- 565 first grade games combined
- 31 Origins
- 36 Kangaroos
- Both Captained NRL club
- One has an average of 50 tackles per game record (not Fletch)
- One has attracted a record home/away crowd to his final game (not Fletch)
- Between them 5 Provan Summons Medals (all Hindy)
- Between them 5 Dally M Second Rower of the Year Awards (all Hindy)
- Between them only 1 premiership…
- Head Coaches of the Nepal Donkeys
- Promoters of the Auckland 2s
Fletch and Hindy
Combined Career Stats
“As a tackler, I’m no good,” Nathan Hindmarsh once said.
That must mean that Hindy laid over 12,000 lousy tackles in his stellar career. Several hundred opponents, still licking their wounds after being crunched, would all be saying, “I don’t think so!”
Hindy brought down the equivalent of every man who ever played first grade football in Australia and then some!
He reached the pinnacle in Round 23 of the 2007 NRL season with 75 tackles against the Storm – they were like bumper cars, running into a Hindmarsh cracker of a tackle at every turn.
He made his first NRL tackle on a long-forgotten Adelaide Rams player in the western NSW country town of Parkes in 1998 and since then he cut down almost everything that moved in a career of extraordinary dedication. In his prime, Hindy combined his defensive workload with a powerful running game and earned recognition as Dally M second-rower of the year five times.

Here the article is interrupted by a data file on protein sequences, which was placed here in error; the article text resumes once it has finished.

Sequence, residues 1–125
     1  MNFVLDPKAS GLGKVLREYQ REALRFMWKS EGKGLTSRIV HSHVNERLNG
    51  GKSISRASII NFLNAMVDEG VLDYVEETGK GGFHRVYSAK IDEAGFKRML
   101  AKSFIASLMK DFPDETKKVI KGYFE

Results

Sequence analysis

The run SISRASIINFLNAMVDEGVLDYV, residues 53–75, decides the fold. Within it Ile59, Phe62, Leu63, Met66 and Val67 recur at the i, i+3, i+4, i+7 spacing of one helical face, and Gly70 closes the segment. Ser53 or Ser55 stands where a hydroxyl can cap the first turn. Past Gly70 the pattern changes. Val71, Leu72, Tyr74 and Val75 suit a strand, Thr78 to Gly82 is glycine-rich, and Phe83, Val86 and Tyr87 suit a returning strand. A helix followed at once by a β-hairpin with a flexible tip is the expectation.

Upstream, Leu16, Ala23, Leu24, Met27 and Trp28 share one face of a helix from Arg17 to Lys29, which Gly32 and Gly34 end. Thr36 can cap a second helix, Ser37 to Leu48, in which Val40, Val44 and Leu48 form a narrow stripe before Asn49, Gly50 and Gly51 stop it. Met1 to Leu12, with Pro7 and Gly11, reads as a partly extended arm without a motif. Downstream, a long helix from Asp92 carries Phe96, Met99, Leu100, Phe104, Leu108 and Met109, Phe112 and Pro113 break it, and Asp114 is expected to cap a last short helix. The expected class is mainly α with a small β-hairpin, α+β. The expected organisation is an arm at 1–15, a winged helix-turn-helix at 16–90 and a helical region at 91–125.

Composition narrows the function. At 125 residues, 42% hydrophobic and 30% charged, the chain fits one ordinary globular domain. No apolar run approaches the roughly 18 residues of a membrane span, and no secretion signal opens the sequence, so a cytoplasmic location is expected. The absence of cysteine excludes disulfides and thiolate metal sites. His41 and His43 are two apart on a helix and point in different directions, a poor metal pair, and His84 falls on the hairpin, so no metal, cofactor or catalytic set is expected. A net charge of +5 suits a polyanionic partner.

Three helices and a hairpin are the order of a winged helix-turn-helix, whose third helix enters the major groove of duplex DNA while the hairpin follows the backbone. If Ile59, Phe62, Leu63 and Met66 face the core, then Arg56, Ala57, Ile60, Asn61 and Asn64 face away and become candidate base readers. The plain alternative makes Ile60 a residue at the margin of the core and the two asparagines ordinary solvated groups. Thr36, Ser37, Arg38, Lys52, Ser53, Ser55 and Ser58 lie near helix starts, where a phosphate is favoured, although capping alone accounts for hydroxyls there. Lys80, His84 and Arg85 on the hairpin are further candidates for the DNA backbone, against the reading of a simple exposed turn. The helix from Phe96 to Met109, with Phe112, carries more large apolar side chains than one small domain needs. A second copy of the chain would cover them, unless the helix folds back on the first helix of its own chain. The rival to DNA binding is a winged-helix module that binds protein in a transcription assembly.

Brian Smith offered this description: “He is a machine. He hasn’t got an ideal body. He’s got a sway back and fat gut and funny bum. But physiologically he’s got something inside him and he keeps going and going.”
And that was the thing about him: never give up, never say die. Many were the times that he would chase 30, 40 or 50 metres to run down an opponent when everyone else had given up. And when he caught him – bang!
Hindy has a wealth of stories about his long career at the Eels. A bit like the way he played, he’ll tell it straight – no mucking around – but always with a self-deprecating sense of humour. Nathan enjoys meeting fans and sharing a drink. He’s a good bloke!
Just imagine how good a footballer he would have been, if he’d been able to tackle!
Whilst Fletch is best known as co-coach of the Nepal Donkeys and the other (best?) half of ‘Fletch and Hindy’, he did have some success as a player in the NRL.
Fletch earned thirteen caps for Australia and played fourteen times for the Blues in State of Origin. Proof of his natural talent, he had played only 24 NRL games when he was first selected for the Australian team to compete in the 1999 Rugby League Tri-Nations tournament.
At club level, Fletch achieved premiership success for the Roosters in 2002 before captaining the Rabbitohs and winning the George Piggins Medal as the club’s best and fairest player in 2003. Although deep down he has a soft spot for the club that brought him a premiership, Fletch admits that his allegiances are inevitably torn when Souths plays the Roosters. “The beauty of it is that I just barrack for whoever wins!” That’s loyalty for you!
Of his 14 games for the Blues between 1998 and 2003, Game Three of the 2000 series was the most controversial. Fletch was the man at the centre of the most famous try celebration of all time when he and half a dozen team-mates enacted the ‘hand grenade’ on their way to a record 56-16 win. The Maroons still talk about it! “They haven’t forgotten about the hand grenades – I know that much. I’m sick of it. I should be getting a Queensland tracksuit for that because I’ve been the motivation for years!”
Fletch’s influence is felt across the nation. The coach of the Nepal Donkeys has plenty to give.